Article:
A 19-year-old U.S. citizen, Carlos Lamadrid, was shot in the back three times by a U.S. Border Patrol agent while fleeing across the southern border into Mexico in May of 2011. The young man, a native of Douglas, Ariz., was unarmed and was reportedly transporting marijuana. Lamadrid died from his wounds in a local hospital shortly thereafter.
Lamadrids's mother, Guadalupe Guerrero, is now suing the federal government, alleging that the border agent who shot her son acted "outside the scope of his authority," according to the family's attorney, Richard Gonzalez.
"The border agent violated this kid's civil rights. The only time an agent is allowed to use deadly force is in order to protect him or herself or to protect others in the area," Gonzalez told The Huffington Post. "This kid was unarmed and fleeing. He posed no threat to the agent. Shooting him was grossly negligent."
Customs and Border Protection told The Huffington Post that they could not comment on Lamadrid's death, the lawsuit or instances in which their agents may use their weapons. "It's pending litigation and we cannot discuss the details of the case at this time," Border Patrol spokesperson Mario Escalante said.
Lamadrid's case comes at a bad time for the CBP. Civil rights complaints filed against the agency have risen dramatically in recent years, while immigration has simultaneously slowed. While in 2004 CBP faced 34 civil rights complaints, in 2010, the most recent year for which complete data is available, 65 complaints were made. Between January and June of 2011 alone, 81 new complaint investigations were opened against border patrol. Corruption has also been on the rise, according to Reuters, with 129 agents arrested on corruption charges from 2003 to 2009.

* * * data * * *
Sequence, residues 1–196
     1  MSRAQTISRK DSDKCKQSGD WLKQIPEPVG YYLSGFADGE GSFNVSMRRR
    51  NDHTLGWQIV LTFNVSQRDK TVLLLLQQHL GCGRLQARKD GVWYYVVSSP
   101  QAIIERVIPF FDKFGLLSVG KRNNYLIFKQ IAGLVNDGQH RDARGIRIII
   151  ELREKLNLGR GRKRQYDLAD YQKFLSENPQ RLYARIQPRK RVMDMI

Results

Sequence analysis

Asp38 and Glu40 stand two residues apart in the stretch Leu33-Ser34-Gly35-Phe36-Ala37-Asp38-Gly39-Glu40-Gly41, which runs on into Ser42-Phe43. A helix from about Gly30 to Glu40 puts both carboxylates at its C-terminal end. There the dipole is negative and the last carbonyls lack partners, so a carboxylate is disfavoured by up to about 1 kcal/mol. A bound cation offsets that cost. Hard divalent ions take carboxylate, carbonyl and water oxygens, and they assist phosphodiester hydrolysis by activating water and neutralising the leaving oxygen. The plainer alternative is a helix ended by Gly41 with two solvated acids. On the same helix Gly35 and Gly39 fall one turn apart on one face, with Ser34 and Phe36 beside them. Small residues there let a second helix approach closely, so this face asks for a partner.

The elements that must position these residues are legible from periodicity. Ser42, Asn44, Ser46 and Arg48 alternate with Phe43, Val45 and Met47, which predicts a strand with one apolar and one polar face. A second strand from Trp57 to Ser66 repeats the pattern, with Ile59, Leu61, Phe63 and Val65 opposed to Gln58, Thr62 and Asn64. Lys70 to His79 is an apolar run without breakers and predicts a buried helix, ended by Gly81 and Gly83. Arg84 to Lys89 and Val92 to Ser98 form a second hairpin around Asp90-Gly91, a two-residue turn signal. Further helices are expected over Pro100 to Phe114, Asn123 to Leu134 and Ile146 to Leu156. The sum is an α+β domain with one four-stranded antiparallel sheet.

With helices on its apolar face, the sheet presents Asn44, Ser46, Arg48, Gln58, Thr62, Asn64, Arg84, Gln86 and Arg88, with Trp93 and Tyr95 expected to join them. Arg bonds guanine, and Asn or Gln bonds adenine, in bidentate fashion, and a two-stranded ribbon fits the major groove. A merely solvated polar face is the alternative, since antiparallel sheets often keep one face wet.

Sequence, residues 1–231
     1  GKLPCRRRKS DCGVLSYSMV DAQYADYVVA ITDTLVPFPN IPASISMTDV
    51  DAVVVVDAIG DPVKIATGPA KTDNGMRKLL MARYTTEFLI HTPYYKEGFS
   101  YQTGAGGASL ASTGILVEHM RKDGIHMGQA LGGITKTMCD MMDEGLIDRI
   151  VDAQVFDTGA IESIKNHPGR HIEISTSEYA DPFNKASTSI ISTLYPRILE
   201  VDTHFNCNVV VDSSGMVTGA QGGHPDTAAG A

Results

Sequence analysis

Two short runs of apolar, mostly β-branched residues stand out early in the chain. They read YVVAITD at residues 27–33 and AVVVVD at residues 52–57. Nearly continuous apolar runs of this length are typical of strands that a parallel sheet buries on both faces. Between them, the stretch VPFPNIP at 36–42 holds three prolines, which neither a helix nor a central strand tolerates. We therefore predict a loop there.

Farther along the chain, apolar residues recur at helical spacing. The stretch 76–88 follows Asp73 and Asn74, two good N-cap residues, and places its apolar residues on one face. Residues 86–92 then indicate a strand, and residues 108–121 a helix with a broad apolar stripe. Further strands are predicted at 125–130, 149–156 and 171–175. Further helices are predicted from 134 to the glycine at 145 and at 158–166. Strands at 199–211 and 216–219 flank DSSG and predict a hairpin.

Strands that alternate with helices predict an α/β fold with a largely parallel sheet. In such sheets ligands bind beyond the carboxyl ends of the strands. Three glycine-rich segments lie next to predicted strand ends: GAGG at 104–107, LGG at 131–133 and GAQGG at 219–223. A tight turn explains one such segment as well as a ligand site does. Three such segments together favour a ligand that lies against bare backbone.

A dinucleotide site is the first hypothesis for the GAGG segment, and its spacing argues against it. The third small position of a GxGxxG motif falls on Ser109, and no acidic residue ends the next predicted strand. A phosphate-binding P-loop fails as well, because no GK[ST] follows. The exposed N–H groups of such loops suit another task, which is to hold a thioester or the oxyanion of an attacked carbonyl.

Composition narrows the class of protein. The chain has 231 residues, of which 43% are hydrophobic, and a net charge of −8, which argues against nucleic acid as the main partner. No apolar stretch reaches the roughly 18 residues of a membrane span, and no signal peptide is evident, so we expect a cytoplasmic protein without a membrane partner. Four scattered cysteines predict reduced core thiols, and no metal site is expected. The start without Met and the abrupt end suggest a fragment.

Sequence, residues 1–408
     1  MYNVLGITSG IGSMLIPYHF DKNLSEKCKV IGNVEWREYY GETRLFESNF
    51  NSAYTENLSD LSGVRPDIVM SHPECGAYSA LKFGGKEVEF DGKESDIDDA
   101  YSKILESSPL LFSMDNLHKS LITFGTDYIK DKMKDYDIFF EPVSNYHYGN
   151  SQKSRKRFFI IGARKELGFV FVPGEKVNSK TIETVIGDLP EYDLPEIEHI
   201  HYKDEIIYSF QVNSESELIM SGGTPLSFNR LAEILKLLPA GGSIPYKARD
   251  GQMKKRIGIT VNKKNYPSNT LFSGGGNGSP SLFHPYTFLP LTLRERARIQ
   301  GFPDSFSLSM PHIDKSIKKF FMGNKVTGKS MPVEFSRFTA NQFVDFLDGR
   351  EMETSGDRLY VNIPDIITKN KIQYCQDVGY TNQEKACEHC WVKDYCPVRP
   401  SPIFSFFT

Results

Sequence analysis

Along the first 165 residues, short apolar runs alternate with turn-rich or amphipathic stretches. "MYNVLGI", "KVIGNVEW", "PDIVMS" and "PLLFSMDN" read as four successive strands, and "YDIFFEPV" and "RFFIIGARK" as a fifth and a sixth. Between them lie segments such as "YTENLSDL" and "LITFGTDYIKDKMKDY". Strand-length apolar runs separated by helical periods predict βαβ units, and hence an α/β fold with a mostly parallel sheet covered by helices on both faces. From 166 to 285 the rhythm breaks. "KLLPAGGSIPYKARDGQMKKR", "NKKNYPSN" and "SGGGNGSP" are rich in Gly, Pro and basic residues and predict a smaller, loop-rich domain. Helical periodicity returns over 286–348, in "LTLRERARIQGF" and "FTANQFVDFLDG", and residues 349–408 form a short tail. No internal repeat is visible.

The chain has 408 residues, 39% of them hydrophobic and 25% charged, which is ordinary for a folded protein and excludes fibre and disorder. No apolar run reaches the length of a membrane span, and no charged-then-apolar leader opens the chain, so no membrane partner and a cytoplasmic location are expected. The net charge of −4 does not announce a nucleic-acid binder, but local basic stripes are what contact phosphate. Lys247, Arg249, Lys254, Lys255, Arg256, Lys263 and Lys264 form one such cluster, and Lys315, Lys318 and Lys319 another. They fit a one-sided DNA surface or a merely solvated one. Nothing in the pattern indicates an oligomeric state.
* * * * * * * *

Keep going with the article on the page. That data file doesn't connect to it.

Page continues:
Recent deaths caused by border patrol agents have also brought the agency unflattering press. Earlier this year, PBS unearthed footage of the beating of Anastasio Hernandez-Rojas. More than a dozen border patrol agents stood around the Mexican citizen while he was hogtied, beaten with a baton, and tased, according to PBS. The death of 15-year-old Sergio Hernandez-Guereca, a Mexican citizen fatally shot by a CBP agent in 2010, also sparked outrage in the immigrant activist community, after agent Jesus Mesa Jr. said he used lethal force because Hernandez-Guereca was throwing rocks at him.
The shooting of Lamadrid may also have been prompted by rock throwing, according to local reports. After Lamadrid's Chevy Avalanche caught the attention of local Douglas Arizona police, who noted that it "appeared to be suspicious," Lamadrid fled "at high rate of speed southbound towards the International boundary," according to the Douglas Dispatch. The U.S. border patrol happened to be in the area, according to the same report, and started pursuing Lamadrid, the driver, and the 17-year-old passenger of the car. An accomplice on the Mexican side of the southern border allegedly threw a ladder over the border wall, and rocks were thrown at border agents. According to local reports, border patrol agent Lucas Tidwell then shot and killed Lamadrid.
"At this time, there were rocks thrown at the Border Patrol agent who then fired his duty weapon striking the driver three times," the Douglas Dispatch reported.
The Latin American Herald Tribune reports that authorities subsequently found 48 pounds of marijuana in the car. But Lamadrid's family says they'd like to see the police report to confirm this.
“We haven’t received any official report from the Douglas Police, the Border Patrol, not even from the Sheriff’s Department. Sheriff Deputy Roger Clark said to us that they won’t deliver any report until the case is solved," Janeth Guerrero, Lamadrid's aunt, told The Douglas Dispatch at a rally last year, calling for justice in her nephew's case.